I returned to London for the weekend from Bristol for this and caught the coach rather than the train for cost reasons. This meant I couldn’t bring my bike. The last thing I felt like doing when I arrived at Victoria was getting on another bus, so I hired a bike instead. This is only the second time I have used one of these bikes and I was seriously impressed by the simplicity of the process. I found a docking station, put in my credit card, chose a 24hour hire period, grabbed my ticket and released a bike. It then fell over as I am used to a diamond frame and clamping my knees together while I faffed with my bag did nothing to steady the bike. I also found the bike wobbled if started at the lights in the highest gear. Apart from that, I found the bike very easy to use; the gearing is fine for stop-start city riding, the brakes were tight, the upright position made me smile at people and I enjoyed the fat tyres that ignored the pot-holed road.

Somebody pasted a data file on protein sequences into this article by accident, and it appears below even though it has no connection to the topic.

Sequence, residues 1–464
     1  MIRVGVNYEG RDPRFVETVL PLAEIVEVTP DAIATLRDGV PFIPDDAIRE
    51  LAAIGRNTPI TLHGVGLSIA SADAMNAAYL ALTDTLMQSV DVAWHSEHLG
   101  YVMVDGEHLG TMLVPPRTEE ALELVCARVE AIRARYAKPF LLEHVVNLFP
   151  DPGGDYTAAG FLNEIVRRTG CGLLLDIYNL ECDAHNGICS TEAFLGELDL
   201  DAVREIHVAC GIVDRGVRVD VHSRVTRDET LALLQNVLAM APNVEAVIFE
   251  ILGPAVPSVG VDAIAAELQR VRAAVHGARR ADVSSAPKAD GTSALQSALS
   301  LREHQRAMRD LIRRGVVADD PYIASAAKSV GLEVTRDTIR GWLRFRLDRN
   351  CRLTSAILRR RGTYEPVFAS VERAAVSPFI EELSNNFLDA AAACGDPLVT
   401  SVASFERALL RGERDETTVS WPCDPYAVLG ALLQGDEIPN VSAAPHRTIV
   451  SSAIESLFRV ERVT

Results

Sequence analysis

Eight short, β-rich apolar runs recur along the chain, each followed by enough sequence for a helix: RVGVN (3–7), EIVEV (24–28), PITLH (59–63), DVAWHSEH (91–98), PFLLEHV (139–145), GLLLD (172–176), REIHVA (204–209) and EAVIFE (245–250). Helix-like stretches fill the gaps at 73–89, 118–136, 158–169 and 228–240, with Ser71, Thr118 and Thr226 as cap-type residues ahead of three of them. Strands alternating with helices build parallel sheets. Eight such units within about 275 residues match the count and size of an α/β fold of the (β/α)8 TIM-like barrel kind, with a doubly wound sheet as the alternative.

I was humoured by how many people had to get passed me, regardless of the fact that I was generally going at the same speed or faster in some cases. The fact that I wobbled occasionally and the bike fell over at the start of the ride probably made me look like a novice cyclist, and in many respects I am a novice London Hire Bike rider. It reminded me of how we tend to look at other road users as different; even though we are by and large all multi-modal citizens with differing levels of experience in each mode. Interviewees have talked about being multiple kinds of riders; road, hybrid, mountain bike, touring, family, solo, social, commuter, slow, fast, stressed, relaxed, confident. They also walk, drive cars or are car passengers, have motorbikes or scooters, catch buses, trains and coaches. I rarely ride these kinds of bikes as there are few occasions when I am without a bike so this experience was great, not only because it was a thoroughly nice way to get home but it also served as a reminder about what it is like to be another kind of road user.